Film Review: THE GREATEST SHOWMAN (USA 2017) ****

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The Greatest Showman Poster
Trailer

Inspired by the imagination of P.T. Barnum, The Greatest Showman is an original musical that celebrates the birth of show business and tells of a visionary who rose from nothing to create a spectacle that became a worldwide sensation.

Director:

Michael Gracey

Writers:

Jenny Bicks (screenplay by), Bill Condon (screenplay by) | 1 more credit »

 

Films about circuses have been popular having taken many different genres form blockbuster (Cecil. B. Demille’s THE GREATEST SHOW ON EARTH) to cheap 1966 horror (CIRCUS OF FEAR).  THE GREATEST SHOWMAN aims at being both a biopic and a musical.

Hugh Jackman is a shoo-in for the role of singing P.T. Barnum, obtaining a Golden Globe nomination for Best Actor in a musical or comedy in the process.  Heart-throb Zac Ephron also eases into musical mode as smooth as in three HIGH SCHOOL MUSICAL films.  He plays Barnum’s friend and business partner..

THE GREATEST SHOWMAN is a true musical at heart.  Within the first 10 minutes, there are two songs performed already.  The film also boasts to be an original musical, not to be confused with “BARNUM” that played on Broadway decades back.  The songs are catchy with “This is Me”, largely performed by the bearded lady nominated for the Best Song Golden Globe.  But the other songs (by the guys who wrote LALA LAND) are just as catchy (there have been few musicals these days with all good songs) with others just as good, if not better than “This is Me”.  The choreography is also quite spectacular, and one cannot complain that there is not a full all out musical.  It is a feel-good movie, so those wanting hard drama and musical-haters, be advised to stay away.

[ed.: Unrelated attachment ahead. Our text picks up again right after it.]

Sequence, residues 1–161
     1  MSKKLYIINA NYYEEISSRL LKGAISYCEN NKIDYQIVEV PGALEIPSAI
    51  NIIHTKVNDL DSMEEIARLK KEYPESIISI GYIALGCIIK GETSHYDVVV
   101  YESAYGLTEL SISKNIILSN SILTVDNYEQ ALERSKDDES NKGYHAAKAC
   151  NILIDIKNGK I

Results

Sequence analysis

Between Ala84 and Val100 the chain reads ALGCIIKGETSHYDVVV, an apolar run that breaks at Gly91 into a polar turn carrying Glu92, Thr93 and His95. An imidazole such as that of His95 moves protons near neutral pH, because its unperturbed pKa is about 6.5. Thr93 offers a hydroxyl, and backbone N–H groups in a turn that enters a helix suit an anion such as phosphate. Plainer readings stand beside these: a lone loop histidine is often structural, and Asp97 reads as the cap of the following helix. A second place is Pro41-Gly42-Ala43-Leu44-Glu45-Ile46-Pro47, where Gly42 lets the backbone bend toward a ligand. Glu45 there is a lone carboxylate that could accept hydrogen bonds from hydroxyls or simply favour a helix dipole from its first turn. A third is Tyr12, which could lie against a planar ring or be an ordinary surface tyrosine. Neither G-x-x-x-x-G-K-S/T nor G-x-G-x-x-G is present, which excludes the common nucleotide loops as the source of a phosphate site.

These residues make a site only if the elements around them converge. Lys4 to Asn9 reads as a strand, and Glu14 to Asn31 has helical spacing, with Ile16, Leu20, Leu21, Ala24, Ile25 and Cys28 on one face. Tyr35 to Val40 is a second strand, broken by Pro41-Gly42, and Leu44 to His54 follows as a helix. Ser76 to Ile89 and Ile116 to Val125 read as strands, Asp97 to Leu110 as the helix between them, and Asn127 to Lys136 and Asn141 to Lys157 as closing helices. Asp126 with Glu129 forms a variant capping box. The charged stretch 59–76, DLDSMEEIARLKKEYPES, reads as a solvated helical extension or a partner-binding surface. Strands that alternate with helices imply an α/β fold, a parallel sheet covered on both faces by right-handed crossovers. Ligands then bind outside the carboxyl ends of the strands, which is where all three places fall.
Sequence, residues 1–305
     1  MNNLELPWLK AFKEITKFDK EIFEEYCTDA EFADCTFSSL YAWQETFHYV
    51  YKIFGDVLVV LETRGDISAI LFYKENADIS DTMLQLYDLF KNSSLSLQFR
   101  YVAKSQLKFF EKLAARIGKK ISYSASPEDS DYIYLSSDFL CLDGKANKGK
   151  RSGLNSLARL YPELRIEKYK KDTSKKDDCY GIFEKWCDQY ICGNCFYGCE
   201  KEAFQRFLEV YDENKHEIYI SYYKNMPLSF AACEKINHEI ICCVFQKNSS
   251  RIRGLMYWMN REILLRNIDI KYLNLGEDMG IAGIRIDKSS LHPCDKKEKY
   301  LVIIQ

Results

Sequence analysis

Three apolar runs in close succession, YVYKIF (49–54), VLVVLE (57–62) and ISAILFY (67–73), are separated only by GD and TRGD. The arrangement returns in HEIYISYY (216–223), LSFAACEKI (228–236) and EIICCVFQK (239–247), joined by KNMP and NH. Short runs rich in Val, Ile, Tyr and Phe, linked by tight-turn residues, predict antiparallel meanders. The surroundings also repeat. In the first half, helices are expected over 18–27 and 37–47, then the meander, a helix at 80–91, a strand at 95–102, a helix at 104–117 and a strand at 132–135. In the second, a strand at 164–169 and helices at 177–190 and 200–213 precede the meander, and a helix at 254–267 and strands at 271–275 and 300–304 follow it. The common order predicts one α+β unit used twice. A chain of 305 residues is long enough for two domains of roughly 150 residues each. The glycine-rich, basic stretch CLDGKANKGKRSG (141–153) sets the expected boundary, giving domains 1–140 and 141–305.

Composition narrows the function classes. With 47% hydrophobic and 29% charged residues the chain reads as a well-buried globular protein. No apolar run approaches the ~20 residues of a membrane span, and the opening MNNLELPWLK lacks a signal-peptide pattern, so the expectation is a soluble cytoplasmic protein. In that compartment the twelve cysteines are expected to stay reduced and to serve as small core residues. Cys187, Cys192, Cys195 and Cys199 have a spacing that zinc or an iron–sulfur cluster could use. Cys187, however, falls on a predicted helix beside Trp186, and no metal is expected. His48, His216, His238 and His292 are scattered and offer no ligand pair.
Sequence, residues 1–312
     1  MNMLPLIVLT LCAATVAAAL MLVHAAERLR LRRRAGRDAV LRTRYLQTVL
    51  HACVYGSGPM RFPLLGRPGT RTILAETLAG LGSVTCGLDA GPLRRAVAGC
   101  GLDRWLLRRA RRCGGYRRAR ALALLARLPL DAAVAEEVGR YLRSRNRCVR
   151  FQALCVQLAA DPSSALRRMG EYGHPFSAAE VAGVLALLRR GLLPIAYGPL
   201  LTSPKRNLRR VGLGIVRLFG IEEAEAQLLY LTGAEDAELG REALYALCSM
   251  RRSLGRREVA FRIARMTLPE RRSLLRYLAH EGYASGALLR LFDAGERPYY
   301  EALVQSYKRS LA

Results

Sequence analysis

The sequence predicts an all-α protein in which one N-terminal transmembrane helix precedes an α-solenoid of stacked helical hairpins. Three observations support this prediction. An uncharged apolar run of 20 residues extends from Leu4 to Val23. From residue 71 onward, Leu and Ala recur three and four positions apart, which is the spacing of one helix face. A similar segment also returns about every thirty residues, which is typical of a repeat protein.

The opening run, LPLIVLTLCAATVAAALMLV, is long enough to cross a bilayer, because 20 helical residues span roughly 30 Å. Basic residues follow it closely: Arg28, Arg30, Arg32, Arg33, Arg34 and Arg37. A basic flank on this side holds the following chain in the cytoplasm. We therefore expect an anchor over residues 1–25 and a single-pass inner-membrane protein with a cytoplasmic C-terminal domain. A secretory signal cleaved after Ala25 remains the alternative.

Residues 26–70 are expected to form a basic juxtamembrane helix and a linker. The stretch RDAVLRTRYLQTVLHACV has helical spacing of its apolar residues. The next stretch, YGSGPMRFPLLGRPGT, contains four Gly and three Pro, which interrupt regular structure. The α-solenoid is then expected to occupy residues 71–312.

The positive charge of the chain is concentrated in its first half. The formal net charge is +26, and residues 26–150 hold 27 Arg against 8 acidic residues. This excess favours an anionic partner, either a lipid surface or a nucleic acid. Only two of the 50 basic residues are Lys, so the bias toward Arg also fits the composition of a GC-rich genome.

The story contains two romances, between P.T. Barnum and Charity (Michelle Williams) and the other between Phillip Carlyle (Ephron) and Anne Wheeler (Zendaya), the acrobat and trapeze artist.  The romantic chemistry is not all there, though Barnum’s and Charity’s is more believable.

Though the film traces how American showman P. T. Barnum became the founder of the circus that became the famous traveling Ringling Bros. and Barnum & Bailey Circus, there are also subplots like the romance as well as the diversion of the employment of famous Swedish singer Jenny Lind (Rebecca Ferguson) who almost destroys both his business and his marriage.  Her singing performance is astonishing though Loren Alfred provides Lind’s singing voice.  Ferguson lip syncs and fakes it quite well.

The film side steps certain points, like how Barnum suddenly obtained all the circus animals.  The business aspect of the circus is only briefly mentioned in passing.  It is quite hard to believe that the circus made it this big with so few acts and with no clowns at all in the film.

Director Gracey seems fond of emphasizing the fact of equality among performers.  The protests in each visiting town of the residents against the circus ‘freaks’ finally conclude with a huge fire that destroys the circus building.  In Demille’s THE GREATEST SHOW ON EARTH, it was a train crash that almost destroyed the circus, here compared to the big fire.